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The Bike Shed


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Originally published in Queue vol. 10, no. 8
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Displaying 10 most recent comments. Read the full list here

Don Hopkins | Sun, 03 Dec 2017 17:33:39 UTC

Gnu Autoconf is the epitome of FUBAR Bazaar.

ToneLoc | Wed, 28 Sep 2016 11:18:26 UTC

Andrew Punch comments " If the author doesn't like the FreeBSD way there are plenty of other Linux and FreeBSD distributions. "

Something tells me the author knows this, thanks for the laugh.

another good laugh from "whatever" "Oh, you wrote some crappy code to speed up Facebook?"

Great article, funny comments. Glad to be here.

Anton Gerasimov | Wed, 10 Aug 2016 13:09:21 UTC

Sound legit, but we've seen Plan9 and Inferno which were build in a cathederal fashion by first-class architects (some of them from Unix team also). I'm not discussing architectural decisions but generally, in terms of popularity both were failures. It seems that while designs of GNU/Linux and FreeBSD systems (taken as a whole) are somewhat suboptimal they're just "good enough", i.e. nobody has managed to build something so much better, that benefits of better architecture overweight benefits of bazaar organization.

peter | Tue, 09 Aug 2016 22:03:49 UTC

I think Poul was having a bad day choosing the colour of his bike shed and had a bit of rant.

Tim | Tue, 09 Aug 2016 02:24:17 UTC

Fred Brooks is that author that everybody says they read and look up to, but I have not anywhere in the world found a software team that's willing to put into practice what he preached, so many decades ago.

I think it would be a fantastic recruiting tool. It'd work on me. "Have you read Fred Brooks? Do you wish your software team were as well run as a surgical team? Come work with us! We actually do all that stuff that everybody else ignores."

Andrew Punch | Tue, 09 Aug 2016 00:42:10 UTC

If only there was some kind of software that would manage packages - we could call it a package manager!

If the author doesn't like the FreeBSD way there are plenty of other Linux and FreeBSD distributions.

sciolist | Wed, 10 Jun 2015 17:40:02 UTC

Democracy is based on the assumption that a million men are wiser than one man. Hows that again? I missed something.

Autocracy is based on the assumption that one man is wiser than a million men. Lets play that over again, too. Who decides?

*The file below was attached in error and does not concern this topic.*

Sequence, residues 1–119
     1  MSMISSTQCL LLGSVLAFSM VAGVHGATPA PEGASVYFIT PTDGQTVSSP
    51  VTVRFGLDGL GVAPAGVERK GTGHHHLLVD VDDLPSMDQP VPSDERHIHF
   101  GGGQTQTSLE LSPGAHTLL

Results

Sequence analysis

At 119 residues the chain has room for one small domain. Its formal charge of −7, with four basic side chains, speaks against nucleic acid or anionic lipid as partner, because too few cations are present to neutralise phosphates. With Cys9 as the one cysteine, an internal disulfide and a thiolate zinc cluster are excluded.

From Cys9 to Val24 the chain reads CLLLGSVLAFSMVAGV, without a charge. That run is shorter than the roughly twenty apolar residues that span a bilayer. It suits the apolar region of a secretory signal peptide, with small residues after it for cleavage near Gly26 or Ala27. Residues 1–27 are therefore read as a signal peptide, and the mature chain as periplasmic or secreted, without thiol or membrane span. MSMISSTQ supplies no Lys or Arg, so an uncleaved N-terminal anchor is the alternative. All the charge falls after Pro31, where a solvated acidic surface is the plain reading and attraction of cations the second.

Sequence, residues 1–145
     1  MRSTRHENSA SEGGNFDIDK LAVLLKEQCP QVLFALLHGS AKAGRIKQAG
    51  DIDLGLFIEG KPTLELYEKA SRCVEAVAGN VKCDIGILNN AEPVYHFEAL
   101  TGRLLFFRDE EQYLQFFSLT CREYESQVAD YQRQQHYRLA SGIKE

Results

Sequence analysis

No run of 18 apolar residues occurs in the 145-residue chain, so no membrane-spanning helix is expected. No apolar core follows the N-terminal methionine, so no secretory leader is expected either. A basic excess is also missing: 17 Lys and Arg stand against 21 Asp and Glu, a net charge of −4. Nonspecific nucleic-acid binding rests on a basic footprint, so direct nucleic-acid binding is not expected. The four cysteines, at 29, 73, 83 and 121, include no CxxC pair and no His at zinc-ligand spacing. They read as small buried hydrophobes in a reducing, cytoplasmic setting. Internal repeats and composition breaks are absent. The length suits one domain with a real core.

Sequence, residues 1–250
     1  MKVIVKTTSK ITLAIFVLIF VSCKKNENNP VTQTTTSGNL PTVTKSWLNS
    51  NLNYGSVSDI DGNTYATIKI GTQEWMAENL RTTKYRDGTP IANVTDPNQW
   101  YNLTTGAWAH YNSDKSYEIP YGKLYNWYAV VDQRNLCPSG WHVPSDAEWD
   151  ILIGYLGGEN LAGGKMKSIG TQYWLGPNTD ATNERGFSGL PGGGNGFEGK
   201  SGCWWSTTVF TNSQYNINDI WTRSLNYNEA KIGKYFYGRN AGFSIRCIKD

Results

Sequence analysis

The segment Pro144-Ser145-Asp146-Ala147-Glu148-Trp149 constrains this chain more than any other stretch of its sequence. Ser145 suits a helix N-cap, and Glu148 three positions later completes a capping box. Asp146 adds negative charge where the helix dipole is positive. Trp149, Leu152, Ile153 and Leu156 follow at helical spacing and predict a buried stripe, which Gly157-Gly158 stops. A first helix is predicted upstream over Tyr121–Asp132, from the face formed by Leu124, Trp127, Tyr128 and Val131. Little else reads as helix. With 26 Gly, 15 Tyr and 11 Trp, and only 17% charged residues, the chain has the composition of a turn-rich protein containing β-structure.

So I guess it comes down to which side of this argument you take. Where your bias lies, in other words. I think the key through the horns of the dilemma is being able to communicate about the things you care about; being able to admit you might, possibly, have been wrong, or even worse, right about something; being able to make the singular contribution that only you can make in the context of what might be best for the group you are working for or with. The assumption here, of course, is that everyone is always striving to be the best person that they can be. Constantly striving and discerning how they can make the best out of the situation for everyone.

But we're lazy. And greedy. And willful. And deceitful. And noble. And brilliant. And humble. And industrious. Welcome to the Human Condition. We keep trying to define normative behaviors ("should" or "ought" things) in terms of an either/or model. Maybe we should re-think that. Maybe it should be an "and" model. In this case it doesn't matter much since this is basically a blog post. But at the very least, let's be civil about it, whatever the personal bias you have on the matter. Ad hominem attacks just don't help anyone and tend to move focus away from the point at hand and into the cults of personality and rhetoric. So STFU 'whatever'.

whatever | Mon, 12 Jan 2015 01:40:08 UTC

Igor: He's not going to write a line of code to address it, because he's just a bitch--not a problem solver.

Yet arrogant tight ass pretends that he's superior to others while lamenting that the world isn't perfect. There are few things worse than snobby coders, which is what you are. You're nothing special. You haven't contributed anything that matters. Oh, you wrote some crappy code to speed up Facebook? Wow, you're really important. You're as replaceable as the people you're criticizing, and you're just as much of a code monkey as they are.

Coding is just like anything else humans do. It's a big mess. You can't clean it up without tearing it down, and nobody wants to lose 20 years of functionality that's been built because some crybaby can't handle reality. People like you are a dime a dozen and tend not to be the people who actually get things done.

Deal with it."

Igor | Sat, 10 Jan 2015 00:50:35 UTC

The author might be completely right (I don't have as many years of experience, haven't seen the UNIX in the 80's or early 90's), but I think that the solution is to fix code instead of complaining. Hacks are not going anywhere. autoconf is bad? libtool is bad? Start a project to rewrite it, dedicate some FreeBSD resources to make it better, or hell - rewrite it yourself. I would love to help, but I am a hack at writing code (IT professional with scripting).

What is definitely right is that software in general is more and more bloated and eats more and more resources. The aforementioned elegance is gone. I attribute a lot of this however to using higher and higher languages, not caring about resources.

gbonehead | Wed, 31 Dec 2014 18:49:47 UTC

Ah, the UNIX-HATERS Handbook is being reincarned! :)


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